Judy Cartwright writes the Community Watchdog column
Indeed, there are times when size matters. In this instance, we're talking about the triangles of pavement striping that separate a right-turn lane from the rest of an intersection.
The issue got our attention because of -- you guessed it -- a red-light camera ticket. Peter Lombardo of Deer Park found one in his mail and, like many of us, thought it was undeserved.
What distinguished his complaint was this: Lombardo concedes that he didn't come to a stop before making a right turn on red. He contends that a stop at this location wasn't required.
He was driving in a right-turn lane at an Islandia intersection -- from Veterans Memorial Highway (State Route 454) onto westbound Suffolk Avenue (County Route 100) -- that he believes is not governed by the intersection's traffic signal.
"My contention is that this is a new lane, so it needs to be controlled by a new traffic device," Lombardo said.
We weren't surprised that Suffolk County disagrees.
The traffic signal at that location does control the right-turn lane, county spokeswoman Vanessa Baird-Streeter said, and a driver "must come to a full stop at the stop line before making a turn on red onto westbound Suffolk Avenue."
But Lombardo went further: To bolster his case, he pointed to other locations where right-turn lanes have their own signals or signs. At one, a few miles down Veterans Highway at Lakeland Avenue in Bohemia, the turn lane has a yield sign. On approach, the intersections can appear similar.
But then size comes into the picture: The striped-triangle design -- or "gore," in traffic lingo -- separating this turn lane is much larger. The turn lane is more than 30 feet from other lanes and considered independent of the intersection, state Department of Transportation spokeswoman Eileen Peters said, and thus "not controlled by the traffic signal."
The "separate right lane is clearly distinguished by the very large striped 'gore' area between the right turn lane and the other four travel lanes, and therefore has its own yield sign to control traffic," she said in an emailed response to our inquiry.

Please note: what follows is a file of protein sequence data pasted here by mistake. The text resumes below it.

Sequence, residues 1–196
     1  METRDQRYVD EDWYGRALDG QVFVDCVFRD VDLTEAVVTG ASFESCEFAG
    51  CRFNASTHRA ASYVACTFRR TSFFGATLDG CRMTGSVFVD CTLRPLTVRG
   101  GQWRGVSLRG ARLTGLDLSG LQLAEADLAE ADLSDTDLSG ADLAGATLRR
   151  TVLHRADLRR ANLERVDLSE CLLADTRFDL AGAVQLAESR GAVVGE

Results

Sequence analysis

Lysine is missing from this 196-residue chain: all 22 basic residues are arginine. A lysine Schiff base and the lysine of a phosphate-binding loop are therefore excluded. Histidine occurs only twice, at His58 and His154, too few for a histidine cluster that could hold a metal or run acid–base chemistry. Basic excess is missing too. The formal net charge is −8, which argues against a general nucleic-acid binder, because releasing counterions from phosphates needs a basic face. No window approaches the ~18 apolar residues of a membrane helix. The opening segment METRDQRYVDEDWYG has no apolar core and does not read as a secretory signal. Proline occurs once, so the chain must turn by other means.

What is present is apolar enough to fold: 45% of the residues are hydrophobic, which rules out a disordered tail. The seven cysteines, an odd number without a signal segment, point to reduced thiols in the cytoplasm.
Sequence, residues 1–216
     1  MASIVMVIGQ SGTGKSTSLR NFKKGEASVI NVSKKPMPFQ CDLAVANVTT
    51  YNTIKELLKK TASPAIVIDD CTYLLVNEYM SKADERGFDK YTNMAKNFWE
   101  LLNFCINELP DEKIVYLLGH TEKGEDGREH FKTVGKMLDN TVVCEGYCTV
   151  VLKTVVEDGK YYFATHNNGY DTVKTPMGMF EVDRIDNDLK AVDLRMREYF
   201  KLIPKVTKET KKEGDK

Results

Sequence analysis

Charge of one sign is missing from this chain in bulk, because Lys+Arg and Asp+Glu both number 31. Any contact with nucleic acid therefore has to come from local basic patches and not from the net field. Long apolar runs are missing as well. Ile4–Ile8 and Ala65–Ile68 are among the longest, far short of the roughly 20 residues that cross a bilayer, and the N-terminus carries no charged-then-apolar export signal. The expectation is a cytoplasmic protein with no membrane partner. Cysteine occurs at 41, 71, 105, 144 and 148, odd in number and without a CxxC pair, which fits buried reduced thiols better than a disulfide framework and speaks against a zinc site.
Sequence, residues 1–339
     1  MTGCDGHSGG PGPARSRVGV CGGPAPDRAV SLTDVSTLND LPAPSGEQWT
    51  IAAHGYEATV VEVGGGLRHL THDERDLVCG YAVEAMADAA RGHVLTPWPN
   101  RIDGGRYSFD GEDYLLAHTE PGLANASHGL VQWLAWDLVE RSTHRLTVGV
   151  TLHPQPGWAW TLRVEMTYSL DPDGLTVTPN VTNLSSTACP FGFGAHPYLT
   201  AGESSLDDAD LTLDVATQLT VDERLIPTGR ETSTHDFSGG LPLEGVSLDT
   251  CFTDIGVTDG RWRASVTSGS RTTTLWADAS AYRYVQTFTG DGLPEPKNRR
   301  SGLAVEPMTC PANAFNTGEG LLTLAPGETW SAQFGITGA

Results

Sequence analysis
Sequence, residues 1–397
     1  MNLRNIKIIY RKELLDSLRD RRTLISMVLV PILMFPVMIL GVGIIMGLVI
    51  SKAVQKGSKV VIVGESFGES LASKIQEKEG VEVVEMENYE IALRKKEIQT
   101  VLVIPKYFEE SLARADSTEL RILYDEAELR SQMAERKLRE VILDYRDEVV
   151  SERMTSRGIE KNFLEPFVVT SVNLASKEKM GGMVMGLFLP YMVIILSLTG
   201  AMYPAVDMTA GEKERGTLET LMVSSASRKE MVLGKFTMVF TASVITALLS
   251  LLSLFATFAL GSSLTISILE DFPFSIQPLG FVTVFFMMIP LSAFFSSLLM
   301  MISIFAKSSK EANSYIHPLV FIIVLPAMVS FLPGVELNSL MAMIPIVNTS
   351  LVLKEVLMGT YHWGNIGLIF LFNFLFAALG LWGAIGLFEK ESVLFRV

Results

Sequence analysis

In contrast, the triangle is substantially smaller at the intersection where Lombardo got the ticket. Peters said the turn lane there is close enough to be controlled by the traffic signal.
Lombardo's skepticism led him to question the validity of his red-light camera ticket. But Peters said all traffic controls at both intersections "comply with current engineering standards and practices."
And, in case you were curious: "No two intersections on Long Island's state roadways are identical," she said. The design of each is influenced by such factors as traffic volume, turning movements, geometry and crash history, she said, all of which can lead to "different lane configurations, traffic signals, arrows, turn lanes, pavement markings, guide signs, etc."
And not all right turn lanes require a stop. Baird-Streeter offered this distinction: When vehicles making a right turn enter a lane all their own, a stop isn't necessary. That's not the case on Suffolk Avenue, where drivers are merging with traffic.